September 15, 2012 by

The Ninth Crusade

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Edward I of England took the cross in 1268.  His father, King Henry, was still alive at the time so he was able to take the opportunity to campaign in the Holy Land.

The eighth crusade, which was very short and only lasted a few months, is sometimes lumped into the ninth.  It’s leader, however, was Louis the IX of France, “sailing from Aigues-Mortes, initially to come to the aid of the remnants of the crusader states in Syria. However, the crusade was diverted to Tunis, where Louis spent only two months before dying.”

By 1270, things had deteriorated for the Christian states in the Middle East considerably.  Jerusalem had fallen in 1244 AD and was never recovered.  For Edward’s purposes, the Baron’s War against Simon de Montfort was over and the Welsh threat contained with the Treaty of 1267.  “Edward took the Crusader’s Vow, along with his younger brother Edmund and their cousin, Henry of Almain, in an elaborate ceremony, in June, 1268. England was at peace and the only obstacle to Edward joining the Crusade was the lack of funds. Louis IX, the King of France provided a loan of 17,500 pounds, however, this was not enough and the rest had to be raised by taxing the laity. Edward set sail for the Holy Land with a force of 1,000 men on August 20.

“The original intent of the Ninth Crusade was to relieve the Christian fortress of Acre. However, Louis and his brother, Charles of Anjou, instead went to Tunis with the intent of establishing a Christian kingdom in North Africa. By the time Edward had arrived in Tunis, Louis was dead and Charles had signed a peace treaty with the Muslims. The campaign was postponed until the spring and a bad storm dissuaded Charles and France’s new King, Philip III, from continuing with the campaign. Undeterred, Edward continued on alone, landing in Acre in May, 1271.”

After a few defeats and a few victories, none of which amounted to very much, Edward negotiated at truce with the “Sultan Baibars; a 10 year, 10 month an 10 day agreement was reached in May 1272, at Caesarea. Almost immediately Prince Edmund departed for England, while Edward remained to see if the treaty would hold. The following month Baibars attempted to assassinate Edward. Edward killed the assassin but received a festering wound from a poisoned dagger in the process, further delaying Edwards own departure. In September 1272 Edward departed Acre for Sicily and while recuperating on the island he first received news of the death of his son John, and a few months later that of his father. In 1273 Edward started his homeward journey via Italy, Gascony and Paris. Edward finally reached England in the summer of 1274, and was crowned King of England on the 19th August 1274.”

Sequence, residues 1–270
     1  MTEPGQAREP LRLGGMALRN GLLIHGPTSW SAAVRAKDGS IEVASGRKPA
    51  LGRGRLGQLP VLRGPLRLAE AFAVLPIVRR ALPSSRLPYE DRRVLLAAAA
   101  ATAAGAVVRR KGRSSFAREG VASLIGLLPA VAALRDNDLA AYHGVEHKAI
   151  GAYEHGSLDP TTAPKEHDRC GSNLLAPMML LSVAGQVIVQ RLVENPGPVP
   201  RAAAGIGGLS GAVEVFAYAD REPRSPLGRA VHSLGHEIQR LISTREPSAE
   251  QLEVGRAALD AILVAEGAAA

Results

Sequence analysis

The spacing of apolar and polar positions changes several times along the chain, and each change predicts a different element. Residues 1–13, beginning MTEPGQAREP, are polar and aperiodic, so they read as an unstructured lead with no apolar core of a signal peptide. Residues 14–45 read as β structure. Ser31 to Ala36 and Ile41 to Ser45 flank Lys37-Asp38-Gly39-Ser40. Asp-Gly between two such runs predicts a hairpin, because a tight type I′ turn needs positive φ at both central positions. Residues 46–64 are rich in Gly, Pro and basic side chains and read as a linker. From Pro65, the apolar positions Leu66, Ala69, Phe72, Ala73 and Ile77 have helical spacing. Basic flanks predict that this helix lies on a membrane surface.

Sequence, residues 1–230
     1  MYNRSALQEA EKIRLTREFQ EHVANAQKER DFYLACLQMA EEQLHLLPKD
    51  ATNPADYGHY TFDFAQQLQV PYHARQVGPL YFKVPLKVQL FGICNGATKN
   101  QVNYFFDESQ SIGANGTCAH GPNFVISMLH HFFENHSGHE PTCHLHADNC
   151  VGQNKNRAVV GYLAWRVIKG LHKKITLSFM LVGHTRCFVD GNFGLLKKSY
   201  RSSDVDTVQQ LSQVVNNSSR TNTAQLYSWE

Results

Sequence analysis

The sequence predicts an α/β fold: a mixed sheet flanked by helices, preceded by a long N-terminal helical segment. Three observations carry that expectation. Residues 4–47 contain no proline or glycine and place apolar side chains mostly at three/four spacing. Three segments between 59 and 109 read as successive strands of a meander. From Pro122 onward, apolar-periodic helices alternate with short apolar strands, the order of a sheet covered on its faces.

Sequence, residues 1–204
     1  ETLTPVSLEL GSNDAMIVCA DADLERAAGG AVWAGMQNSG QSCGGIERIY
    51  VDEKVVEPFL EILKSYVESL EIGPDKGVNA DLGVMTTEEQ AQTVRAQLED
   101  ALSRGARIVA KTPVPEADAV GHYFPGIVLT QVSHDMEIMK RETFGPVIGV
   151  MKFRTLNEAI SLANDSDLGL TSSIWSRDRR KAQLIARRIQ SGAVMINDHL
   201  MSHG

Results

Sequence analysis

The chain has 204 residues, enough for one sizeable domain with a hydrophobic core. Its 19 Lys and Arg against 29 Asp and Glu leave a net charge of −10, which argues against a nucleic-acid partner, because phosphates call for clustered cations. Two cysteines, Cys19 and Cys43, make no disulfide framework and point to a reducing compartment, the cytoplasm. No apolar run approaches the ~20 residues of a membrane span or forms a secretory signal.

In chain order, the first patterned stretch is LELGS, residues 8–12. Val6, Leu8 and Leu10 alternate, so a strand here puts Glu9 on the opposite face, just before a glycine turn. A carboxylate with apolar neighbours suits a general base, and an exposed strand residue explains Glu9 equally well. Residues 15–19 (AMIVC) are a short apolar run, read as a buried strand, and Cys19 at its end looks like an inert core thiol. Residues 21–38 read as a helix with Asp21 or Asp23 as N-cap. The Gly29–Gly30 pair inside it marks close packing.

The Ninth Crusade was the last official crusade of the 13th century.  In 1291, Acre (Akka) fell.

The master of the Hospital, John de Villiers, wrote from his sickbed in Cyprus to William de Villaret, prior of St Gilles, describing the last dreadful hours:

I myself on that same day was stricken nearly to death by a lance between the shoulders, a wound which has made the writing of this letter a very difficult task. Meanwhile a great crowd of Saracens were entering the city on all sides, by land and by sea, moving along the walls, which were all pierced and broken, until they came to our shelters. Our sergeants, lads and mercenaries and the crusaders and others gave up all hope and fled towards the ships, throwing down their arms and armour. We and our brothers, the greatest number of whom were wounded to death or gravely injured, resisted them as long as we could, God knows. And as some of us were lying as if we were half-dead and lay in a faint before our enemies, our sergeants and our household boys came and carried me, mortally wounded, and our other brothers away, at great danger to themselves. And thus I and some of our brothers escaped, as it pleased God, most of whom were wounded and battered without hope of cure, and we were taken to the island of Cyprus. On the day that this letter was written we were still there, in great sadness of heart, prisoners of overwhelming sorrow.

[From: Cartulaire général de l’ordre des Hospitaliers, ed. Joseph Delaville le Roulx, no. 4157; translated by Edwin James King, The Knights Hospitallers in the Holy Land (London, 1931), pp. 301-2: amended by H. J. Nicholson.]

4 Responses to The Ninth Crusade

  1. Jeffrey Storey

    The Crusades were a successful failure. The Crusades were a successful failure because they became the pattern for European colonization in the New World. The Crusades were terrible for the Jews but were a blessing for the Muslim barbarians.

    • Sarah Post author

      Probably the Muslim ‘barbarians’ would object to the use of that term, since they were anything but barbarous, but that’s an interesting comparison to the New World conquest.